newsMarch 17, 2024
SEMO revises policy to allow of-age students to consume alcohol in dorms starting May 13, 2024, after a campaign by Young Americans for Liberty, aiming to enhance student safety and living experience.
Emma Kratky

Southeast Missouri State University has recently revised their Alcohol Beverage Usage Policy for on-campus housing to allow students above the age of 21 to consume alcohol in their dorms.

This change comes after a multiple year campaign from Young Americans for Liberty (YAL) and has garnered both positive and negative feedback.

Associate Vice President of Student Life for Campus Life Dr. Bruce Skinner said the two main reasons the policy was changed included other schools moving towards being a wet campus and an understanding that for some students, the dorm is their permanent residence.

“We consider it their home and we know for some of them, pets and alcohol in the room is part of what they’re looking for in a living experience,” Skinner said.

The new policy will officially go into effect on May 13, 2024. Skinner said students will have to abide by certain regulations regarding bringing alcohol into their dorm rooms. He said the students must carry the alcohol in a non-transparent bag, and it can not be seen by Resident Assistants (RA’s) or other students in the lobbies, hallways or lounges.

Skinner said these policies will be in the Residence Life Handbook in mid July of 2024.

YAL, a national student activism organization, played a large role in promoting students’ dissatisfaction with SEMO being a dry campus.

SEMO student members, including former State Chair for YAL Cassidy Klein and Vice President Abbey Spengel, created petitions for students to raise awareness of the current campus policy and to promote change.

According to Klein, the first petition was created in the fall of 2022 and was delivered to the office of the University President, Carlos Vargas, on Nov. 16, 2022. Another petition was created in the fall of 2023 and delivered on Oct. 11, 2023.

Klein said the second petition had an increased number of signatures, as both herself and Landon Tourville, another former State Chair for YAL, enlisted the help of Barstool SEMO to garner more student interest. Barstool SEMO is an Instagram page dedicated to posting memes and other content related to SEMO and its community.

Midwest Regional Director of YAL, Matthew Dunmire, also worked with the SEMO YAL chapter. He said a big part of his job is to work with students to help change policies that violate their freedoms.

Dunmire said he was happy with the policy SEMO changed, and a big factor in this policy change would be an increase in student safety.

“Students are gonna drink if they’re of legal age, and it’s just a lot safer if they’re on campus in the safety of their dorms,” Dunmire said.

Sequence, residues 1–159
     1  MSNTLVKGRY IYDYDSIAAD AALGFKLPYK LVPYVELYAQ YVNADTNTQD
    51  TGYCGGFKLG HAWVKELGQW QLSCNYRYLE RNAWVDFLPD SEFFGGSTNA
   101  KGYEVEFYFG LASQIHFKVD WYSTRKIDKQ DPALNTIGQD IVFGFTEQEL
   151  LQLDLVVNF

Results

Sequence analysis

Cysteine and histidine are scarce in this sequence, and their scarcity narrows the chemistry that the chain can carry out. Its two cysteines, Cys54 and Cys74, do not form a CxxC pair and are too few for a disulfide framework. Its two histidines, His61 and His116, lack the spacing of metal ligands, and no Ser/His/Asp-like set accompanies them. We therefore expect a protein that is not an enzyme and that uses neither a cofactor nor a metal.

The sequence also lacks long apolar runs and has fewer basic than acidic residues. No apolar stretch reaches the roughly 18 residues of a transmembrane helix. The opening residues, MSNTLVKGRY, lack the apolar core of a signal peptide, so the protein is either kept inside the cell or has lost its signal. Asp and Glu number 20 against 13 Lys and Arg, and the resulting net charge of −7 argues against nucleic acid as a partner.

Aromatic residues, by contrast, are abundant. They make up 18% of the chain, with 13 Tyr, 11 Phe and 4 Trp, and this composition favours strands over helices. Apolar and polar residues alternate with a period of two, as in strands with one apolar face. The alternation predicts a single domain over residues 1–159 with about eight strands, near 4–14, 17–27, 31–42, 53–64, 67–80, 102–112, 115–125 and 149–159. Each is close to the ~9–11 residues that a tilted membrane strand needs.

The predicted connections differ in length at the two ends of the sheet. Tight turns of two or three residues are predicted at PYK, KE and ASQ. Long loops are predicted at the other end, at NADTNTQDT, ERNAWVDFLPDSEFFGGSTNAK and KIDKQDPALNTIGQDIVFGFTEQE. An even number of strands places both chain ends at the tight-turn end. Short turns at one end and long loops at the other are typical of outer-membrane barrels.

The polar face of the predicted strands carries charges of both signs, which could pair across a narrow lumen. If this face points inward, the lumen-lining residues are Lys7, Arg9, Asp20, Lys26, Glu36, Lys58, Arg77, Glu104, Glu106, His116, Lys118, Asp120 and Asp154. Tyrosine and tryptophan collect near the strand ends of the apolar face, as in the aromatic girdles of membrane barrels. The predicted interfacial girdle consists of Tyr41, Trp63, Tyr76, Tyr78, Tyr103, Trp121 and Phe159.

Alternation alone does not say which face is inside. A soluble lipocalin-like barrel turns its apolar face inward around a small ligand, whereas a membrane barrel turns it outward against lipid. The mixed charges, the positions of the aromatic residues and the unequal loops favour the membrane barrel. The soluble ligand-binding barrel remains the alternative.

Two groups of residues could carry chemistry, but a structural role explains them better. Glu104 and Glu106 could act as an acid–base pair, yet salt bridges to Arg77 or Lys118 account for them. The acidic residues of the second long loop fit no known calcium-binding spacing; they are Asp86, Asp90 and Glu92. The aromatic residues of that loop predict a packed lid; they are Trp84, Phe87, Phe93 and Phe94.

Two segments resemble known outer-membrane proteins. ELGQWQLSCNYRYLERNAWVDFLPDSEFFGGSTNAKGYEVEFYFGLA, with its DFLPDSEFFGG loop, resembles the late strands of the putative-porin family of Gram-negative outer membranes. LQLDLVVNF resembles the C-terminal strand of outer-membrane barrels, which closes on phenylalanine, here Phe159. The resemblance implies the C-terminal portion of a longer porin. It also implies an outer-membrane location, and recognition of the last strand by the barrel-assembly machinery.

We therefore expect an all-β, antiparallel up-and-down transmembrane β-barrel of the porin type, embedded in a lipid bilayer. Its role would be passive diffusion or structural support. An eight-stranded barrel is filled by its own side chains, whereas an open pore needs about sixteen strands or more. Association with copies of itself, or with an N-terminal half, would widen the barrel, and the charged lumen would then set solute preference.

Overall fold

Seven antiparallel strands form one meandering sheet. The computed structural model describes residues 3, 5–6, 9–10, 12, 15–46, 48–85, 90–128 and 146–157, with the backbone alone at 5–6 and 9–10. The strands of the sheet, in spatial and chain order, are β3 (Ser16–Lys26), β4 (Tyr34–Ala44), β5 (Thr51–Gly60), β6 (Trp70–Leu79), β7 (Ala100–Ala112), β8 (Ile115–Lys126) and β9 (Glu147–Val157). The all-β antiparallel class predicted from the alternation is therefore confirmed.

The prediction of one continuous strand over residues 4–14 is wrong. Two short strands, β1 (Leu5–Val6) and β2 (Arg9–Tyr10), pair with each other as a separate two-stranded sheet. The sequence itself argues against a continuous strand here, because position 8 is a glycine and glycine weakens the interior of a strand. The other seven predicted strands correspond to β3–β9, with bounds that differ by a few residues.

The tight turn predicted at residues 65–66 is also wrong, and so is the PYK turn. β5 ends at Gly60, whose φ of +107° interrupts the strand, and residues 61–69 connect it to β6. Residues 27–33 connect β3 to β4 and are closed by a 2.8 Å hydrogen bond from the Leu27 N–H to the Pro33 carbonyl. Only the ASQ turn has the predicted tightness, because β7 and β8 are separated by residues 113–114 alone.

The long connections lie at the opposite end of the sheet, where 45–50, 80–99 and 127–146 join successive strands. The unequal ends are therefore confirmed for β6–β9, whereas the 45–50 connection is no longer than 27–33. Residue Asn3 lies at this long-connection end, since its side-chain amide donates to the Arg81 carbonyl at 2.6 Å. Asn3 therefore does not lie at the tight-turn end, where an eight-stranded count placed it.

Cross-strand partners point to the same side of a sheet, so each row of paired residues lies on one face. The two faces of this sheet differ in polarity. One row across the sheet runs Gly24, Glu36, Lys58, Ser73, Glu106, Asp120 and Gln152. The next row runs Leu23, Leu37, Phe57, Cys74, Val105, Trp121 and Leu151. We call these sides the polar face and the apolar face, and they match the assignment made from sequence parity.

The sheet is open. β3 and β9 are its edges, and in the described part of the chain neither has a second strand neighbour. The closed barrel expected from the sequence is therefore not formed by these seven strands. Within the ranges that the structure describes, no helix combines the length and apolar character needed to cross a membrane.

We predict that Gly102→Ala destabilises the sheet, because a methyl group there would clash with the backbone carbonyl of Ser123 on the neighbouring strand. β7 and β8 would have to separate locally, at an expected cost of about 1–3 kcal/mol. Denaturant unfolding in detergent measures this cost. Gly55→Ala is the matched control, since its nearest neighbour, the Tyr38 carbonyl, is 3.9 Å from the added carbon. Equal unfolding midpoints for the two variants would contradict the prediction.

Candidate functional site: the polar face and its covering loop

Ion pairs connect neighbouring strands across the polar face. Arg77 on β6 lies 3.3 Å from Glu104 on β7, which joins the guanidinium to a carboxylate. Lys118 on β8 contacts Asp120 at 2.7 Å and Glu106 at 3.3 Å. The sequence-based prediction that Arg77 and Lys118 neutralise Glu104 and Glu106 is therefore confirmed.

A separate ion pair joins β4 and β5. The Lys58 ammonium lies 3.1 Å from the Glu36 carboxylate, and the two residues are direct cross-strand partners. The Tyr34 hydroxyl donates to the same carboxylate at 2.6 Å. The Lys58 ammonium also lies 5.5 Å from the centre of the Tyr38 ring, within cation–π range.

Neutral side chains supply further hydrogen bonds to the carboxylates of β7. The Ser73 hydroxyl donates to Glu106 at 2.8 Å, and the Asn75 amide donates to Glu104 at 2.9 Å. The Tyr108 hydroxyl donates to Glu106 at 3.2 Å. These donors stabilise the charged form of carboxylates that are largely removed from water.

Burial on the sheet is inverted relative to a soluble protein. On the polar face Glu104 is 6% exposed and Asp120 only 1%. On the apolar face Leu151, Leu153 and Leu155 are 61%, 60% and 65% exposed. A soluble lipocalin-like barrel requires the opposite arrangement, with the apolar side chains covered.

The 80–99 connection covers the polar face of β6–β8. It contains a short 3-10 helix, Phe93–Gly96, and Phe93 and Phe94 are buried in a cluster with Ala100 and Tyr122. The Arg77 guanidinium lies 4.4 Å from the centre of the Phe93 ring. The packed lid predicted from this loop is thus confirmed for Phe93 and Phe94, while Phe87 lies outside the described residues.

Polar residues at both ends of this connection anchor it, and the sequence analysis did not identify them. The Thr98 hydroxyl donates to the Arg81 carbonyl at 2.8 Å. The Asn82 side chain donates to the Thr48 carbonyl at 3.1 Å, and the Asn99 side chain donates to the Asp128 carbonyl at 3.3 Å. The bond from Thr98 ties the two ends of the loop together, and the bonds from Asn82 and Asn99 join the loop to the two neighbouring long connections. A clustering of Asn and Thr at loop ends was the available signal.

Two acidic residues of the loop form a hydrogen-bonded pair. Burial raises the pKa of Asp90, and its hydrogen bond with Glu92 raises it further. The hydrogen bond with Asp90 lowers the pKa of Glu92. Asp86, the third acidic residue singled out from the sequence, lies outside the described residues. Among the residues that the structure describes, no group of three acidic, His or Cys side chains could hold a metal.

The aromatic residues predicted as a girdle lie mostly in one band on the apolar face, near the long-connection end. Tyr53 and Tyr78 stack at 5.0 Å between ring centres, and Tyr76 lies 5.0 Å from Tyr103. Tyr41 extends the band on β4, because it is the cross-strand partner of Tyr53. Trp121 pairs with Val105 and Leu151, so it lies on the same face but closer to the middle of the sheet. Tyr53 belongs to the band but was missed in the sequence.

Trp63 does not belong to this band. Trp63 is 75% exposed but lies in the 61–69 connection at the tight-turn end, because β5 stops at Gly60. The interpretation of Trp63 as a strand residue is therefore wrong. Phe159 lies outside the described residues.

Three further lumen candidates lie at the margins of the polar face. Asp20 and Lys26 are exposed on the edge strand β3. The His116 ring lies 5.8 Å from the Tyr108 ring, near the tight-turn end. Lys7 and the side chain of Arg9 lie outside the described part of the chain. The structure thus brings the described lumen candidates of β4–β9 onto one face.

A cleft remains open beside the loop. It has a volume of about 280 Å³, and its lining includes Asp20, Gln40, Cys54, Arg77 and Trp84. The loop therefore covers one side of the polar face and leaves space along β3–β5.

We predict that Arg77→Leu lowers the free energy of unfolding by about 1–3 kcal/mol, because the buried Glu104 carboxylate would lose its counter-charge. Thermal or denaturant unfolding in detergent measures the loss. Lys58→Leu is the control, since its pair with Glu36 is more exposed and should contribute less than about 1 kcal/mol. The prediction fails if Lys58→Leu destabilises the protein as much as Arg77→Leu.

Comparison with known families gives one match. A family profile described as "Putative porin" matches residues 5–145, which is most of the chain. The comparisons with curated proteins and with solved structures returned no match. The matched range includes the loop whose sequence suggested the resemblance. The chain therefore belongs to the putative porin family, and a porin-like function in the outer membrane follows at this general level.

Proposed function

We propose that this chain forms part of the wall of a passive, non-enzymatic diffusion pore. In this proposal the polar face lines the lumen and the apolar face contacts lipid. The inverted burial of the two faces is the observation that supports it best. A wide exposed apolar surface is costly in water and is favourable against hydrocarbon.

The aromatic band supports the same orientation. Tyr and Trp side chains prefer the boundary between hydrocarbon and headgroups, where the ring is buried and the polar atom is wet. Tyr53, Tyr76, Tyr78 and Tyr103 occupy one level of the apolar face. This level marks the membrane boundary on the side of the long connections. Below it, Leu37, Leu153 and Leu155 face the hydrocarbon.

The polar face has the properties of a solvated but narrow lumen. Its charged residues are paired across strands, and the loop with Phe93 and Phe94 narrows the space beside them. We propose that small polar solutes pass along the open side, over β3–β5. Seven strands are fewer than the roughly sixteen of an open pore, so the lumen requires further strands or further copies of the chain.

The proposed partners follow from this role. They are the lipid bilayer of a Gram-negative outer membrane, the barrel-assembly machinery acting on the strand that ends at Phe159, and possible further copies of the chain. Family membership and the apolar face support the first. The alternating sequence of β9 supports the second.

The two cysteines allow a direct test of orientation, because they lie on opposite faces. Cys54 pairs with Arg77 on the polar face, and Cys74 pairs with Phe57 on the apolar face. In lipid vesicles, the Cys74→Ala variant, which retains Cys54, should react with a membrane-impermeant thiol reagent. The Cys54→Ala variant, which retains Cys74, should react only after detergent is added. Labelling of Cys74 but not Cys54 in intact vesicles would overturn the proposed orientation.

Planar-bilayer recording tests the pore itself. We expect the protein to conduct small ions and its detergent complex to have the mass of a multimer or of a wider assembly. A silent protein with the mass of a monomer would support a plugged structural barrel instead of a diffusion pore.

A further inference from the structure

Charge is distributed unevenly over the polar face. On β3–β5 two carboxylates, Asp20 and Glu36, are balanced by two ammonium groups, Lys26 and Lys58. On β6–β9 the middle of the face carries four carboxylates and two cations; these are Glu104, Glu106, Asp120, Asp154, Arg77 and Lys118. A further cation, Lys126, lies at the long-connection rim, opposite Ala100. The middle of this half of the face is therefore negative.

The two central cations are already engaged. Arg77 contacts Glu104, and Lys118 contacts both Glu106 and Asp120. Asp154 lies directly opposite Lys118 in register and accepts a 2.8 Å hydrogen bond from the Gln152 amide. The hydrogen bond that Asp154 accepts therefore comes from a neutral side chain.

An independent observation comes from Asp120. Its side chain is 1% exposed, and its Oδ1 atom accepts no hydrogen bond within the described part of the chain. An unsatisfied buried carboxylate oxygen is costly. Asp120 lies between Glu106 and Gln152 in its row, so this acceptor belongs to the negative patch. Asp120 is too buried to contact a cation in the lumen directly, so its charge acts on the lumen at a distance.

Abbey Spengel also said she thinks it will increase student safety.

“I think it’s going to be very beneficial because it’s not going to have as many students drunk driving,” Spengel said. “It’s going to be a little bit safer that they are now allowed to [drink] on campus.”

Skinner said he did not think the change in policy could be attributed to student petitions and said it was more about the question arising if students should be able to drink on campus.

Even with this new policy change, Skinner said he does not believe it will increase the rates of students living within the dorms. Skinner said students who are above the age of 21 are usually looking for increased privacy, including their own kitchen and bathroom.

In a press release by SEMO announcing the policy change, it was listed that 85% of students living within residence halls were under the age of 21. The other 15% of students who will be of legal drinking age within the dorms had a mix of opinions over the new alcohol regulations.

Junior computer science major Muna Haque was not in favor of students being allowed to drink in the dorms. She said due to previous negative incidents that included alcohol in the dorms, she is wary of what the change will bring.

“If I have to face the consequences of [other students] being drunk…I’m not ready to face that,” Haque said.

Junior general studies major Blake Bolin said he was in favor of the policy as it will allow students to be in a safer environment while drinking.

“I think there’ll be a lot of change and opportunities for students to experience what it is like to live in the college culture,” Bolin said.

The concerns of rising crime rates can sometimes be tied to allowing students on college campuses to drink in their dorms, according to Project Know. Skinner says he does not think these numbers will rise on SEMO’s campus after looking at data from other schools, including Southern Illinois University - Edwardsville, who reported similar low crime rates, even with students being allowed to drink.

Skinner said university funding will not be impacted, as the policy within the dorms relates to the Residence Halls only. These halls are funded by the students who live within them.

The Board of Governors made the decision to change the policy and Skinner said any future need for changes or revisions will go through the Board as well.